In one, he asked BBC colleagues to word their stories in a way which does not blame or “put undue emphasis” on Israel for starting the prolonged attacks. Instead, he encouraged journalists to promote the Israeli government line that the “offensive” was “aimed at ending rocket fire from Gaza.”
This was despite the fact that Israel broke a ceasefire when it attacked Gaza on 14 November, a ceasefire which the Palestinians had been observing — firing no rockets into Israel.
In a second email, sent during the same period, Berg told BBC journalists:
“Please remember, Israel doesn’t maintain a blockade around Gaza. Egypt controls the southern border.”
He omitted to mention that the United Nations views Israel as the occupying power in Gaza and has called on Israel to end its siege of the Strip. Israel’s refusal to do so is a violation of UN Security Council Resolution 1860.”
Berg is still in his role.
All that’s left is propaganda
Recently, these two vested interests – pro-neoliberalism and pro-Israel – converged on an area of common interest: opposition to Jeremy Corbyn.
This united bitter Blairites, Conservatives and pro-Israel groups – who ran perhaps the most toxic smear campaign against the Labour party and its leader in living memory. In the run up to the local elections on May 5, the headlines across the BBC and wider media’s flagship television and radio programs was not the 1 million people in the UK reliant on food banks to eat, but the intrigue of the smear campaign.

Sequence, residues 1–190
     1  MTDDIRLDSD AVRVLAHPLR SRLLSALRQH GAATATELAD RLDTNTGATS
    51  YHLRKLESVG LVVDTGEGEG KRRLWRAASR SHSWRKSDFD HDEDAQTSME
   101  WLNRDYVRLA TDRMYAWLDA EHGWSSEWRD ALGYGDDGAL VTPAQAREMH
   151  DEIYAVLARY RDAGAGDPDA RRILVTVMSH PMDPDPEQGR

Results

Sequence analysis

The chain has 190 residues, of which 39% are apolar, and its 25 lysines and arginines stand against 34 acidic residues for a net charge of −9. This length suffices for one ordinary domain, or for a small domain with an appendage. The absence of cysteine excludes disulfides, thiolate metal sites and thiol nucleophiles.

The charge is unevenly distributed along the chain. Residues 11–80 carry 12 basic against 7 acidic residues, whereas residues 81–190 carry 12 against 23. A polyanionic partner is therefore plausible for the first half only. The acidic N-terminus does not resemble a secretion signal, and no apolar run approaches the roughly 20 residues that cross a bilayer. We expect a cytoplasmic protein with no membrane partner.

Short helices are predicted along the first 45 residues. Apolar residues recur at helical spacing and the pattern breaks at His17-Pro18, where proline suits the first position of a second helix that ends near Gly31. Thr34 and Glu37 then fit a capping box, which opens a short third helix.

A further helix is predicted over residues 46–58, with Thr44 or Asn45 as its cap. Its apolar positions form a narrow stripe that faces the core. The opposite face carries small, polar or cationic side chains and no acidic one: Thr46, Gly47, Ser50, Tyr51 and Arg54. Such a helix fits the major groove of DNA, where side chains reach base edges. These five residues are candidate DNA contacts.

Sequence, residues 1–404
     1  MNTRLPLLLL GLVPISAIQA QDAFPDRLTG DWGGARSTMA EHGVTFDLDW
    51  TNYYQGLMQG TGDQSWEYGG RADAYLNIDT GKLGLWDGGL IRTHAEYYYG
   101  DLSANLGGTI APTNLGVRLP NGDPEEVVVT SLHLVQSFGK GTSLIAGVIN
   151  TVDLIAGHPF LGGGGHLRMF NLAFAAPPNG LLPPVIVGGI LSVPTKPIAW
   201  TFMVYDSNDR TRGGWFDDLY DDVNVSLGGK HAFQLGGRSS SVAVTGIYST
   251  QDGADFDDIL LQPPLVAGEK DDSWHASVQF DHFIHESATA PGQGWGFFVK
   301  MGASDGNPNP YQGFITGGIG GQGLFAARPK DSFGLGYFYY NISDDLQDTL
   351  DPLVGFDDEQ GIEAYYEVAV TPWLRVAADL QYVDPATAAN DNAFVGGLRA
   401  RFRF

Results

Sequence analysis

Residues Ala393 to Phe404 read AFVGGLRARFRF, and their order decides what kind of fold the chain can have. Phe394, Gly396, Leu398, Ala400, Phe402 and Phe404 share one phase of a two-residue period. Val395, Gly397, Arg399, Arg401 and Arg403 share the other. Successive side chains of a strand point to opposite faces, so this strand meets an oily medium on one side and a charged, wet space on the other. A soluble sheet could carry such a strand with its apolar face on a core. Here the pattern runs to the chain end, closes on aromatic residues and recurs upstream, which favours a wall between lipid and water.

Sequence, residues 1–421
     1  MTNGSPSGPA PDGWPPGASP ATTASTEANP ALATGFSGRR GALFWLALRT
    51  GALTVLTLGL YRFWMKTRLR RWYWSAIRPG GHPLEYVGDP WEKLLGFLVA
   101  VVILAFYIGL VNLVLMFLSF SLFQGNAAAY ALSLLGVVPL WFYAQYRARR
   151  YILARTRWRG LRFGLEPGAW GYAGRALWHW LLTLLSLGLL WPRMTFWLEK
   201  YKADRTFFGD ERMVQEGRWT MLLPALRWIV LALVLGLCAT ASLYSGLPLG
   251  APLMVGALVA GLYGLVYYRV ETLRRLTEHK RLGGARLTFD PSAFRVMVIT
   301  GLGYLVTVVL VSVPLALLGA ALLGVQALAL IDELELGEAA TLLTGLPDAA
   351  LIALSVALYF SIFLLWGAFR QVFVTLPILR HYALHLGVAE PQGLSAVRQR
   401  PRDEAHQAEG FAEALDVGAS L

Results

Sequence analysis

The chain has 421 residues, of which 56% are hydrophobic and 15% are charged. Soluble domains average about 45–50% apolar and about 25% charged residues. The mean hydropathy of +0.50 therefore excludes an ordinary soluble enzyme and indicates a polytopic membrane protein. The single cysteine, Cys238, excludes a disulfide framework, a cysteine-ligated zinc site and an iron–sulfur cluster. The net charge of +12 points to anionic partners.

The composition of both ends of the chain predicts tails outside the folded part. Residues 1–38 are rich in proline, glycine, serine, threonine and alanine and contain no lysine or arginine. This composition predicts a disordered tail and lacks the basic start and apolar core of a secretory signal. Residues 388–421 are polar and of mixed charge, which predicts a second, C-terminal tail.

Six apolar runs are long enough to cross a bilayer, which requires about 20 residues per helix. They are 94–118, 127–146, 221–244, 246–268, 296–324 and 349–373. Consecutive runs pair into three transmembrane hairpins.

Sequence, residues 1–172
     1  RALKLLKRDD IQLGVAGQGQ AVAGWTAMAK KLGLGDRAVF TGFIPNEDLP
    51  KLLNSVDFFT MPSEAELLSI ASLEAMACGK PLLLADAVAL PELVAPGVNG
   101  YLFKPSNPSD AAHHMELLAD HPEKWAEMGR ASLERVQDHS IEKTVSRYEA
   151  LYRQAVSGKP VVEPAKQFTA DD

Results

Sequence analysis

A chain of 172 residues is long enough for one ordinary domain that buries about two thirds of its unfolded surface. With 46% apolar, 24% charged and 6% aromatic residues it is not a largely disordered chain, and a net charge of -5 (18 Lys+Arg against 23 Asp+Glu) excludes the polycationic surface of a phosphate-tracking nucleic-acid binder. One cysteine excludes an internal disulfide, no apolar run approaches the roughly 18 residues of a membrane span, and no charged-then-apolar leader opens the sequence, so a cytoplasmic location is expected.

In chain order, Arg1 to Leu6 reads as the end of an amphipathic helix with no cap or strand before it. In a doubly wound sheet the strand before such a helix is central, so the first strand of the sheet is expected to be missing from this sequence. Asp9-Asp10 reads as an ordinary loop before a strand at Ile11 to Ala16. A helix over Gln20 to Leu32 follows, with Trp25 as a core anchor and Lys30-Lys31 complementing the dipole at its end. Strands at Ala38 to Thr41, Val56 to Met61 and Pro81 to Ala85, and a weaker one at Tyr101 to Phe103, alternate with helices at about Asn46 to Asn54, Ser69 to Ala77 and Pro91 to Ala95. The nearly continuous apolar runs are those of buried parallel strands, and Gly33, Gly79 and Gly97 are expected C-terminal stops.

Prior to the elections, the reporting by Kuenssberg was dominated almost exclusively by claims of crisis within Labour, providing a platform to a minority of bitter Blairites, and applying pressure on Corbyn to stand aside – or at the very least prepare to.
On Friday morning – when Corbyn’s vote had not collapsed, but increased, compared to Miliband’s general election performance of 2015 – there was no apology for the wrongful prediction. Instead, the narrative wheeled on regardless. While the SNP lost their majority in Scotland, and Labour advanced in England and Wales – this was the BBC website’s response.
The situation brings to mind the moment when the BBC’s Andrew Marr interviewed Noam Chomsky about the role of the mainstream media as a propaganda service. Chomsky was discussing the role of self-censorship by journalists, and Marr repudiated the claim, asking:
“How can you know if I am self-censoring?” Arguing he had never been censored, or told what to think.
Chomsky calmly responds, as if he were explaining the non-existence of Santa Claus to a child:
“I’m sure you believe everything you’re saying, but what I’m saying is that if you believed something different, you wouldn’t be sitting where you’re sitting.”
And therein lies the rub with the role of the BBC, and the wider mainstream media, as a vehicle by which to advance the causes of those who own and run them. There is a monopoly of wealth and power in our society which translates directly into a monopoly of the media. The result is a staggering lack of diversity and pluralism of voices and opinions in the mainstream space. The media has become little more than a monotonous, relentless monologue – when as a country, and a world, we need to be having a conversation.
Featured Image via Screengrab